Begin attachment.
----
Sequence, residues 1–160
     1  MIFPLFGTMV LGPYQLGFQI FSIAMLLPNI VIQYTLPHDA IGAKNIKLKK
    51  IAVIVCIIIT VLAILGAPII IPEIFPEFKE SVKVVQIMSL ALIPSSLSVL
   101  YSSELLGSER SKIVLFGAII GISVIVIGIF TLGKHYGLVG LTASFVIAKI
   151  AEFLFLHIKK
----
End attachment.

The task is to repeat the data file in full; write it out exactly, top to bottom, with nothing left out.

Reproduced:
Sequence, residues 1–160
     1  MIFPLFGTMV LGPYQLGFQI FSIAMLLPNI VIQYTLPHDA IGAKNIKLKK
    51  IAVIVCIIIT VLAILGAPII IPEIFPEFKE SVKVVQIMSL ALIPSSLSVL
   101  YSSELLGSER SKIVLFGAII GISVIVIGIF TLGKHYGLVG LTASFVIAKI
   151  AEFLFLHIKK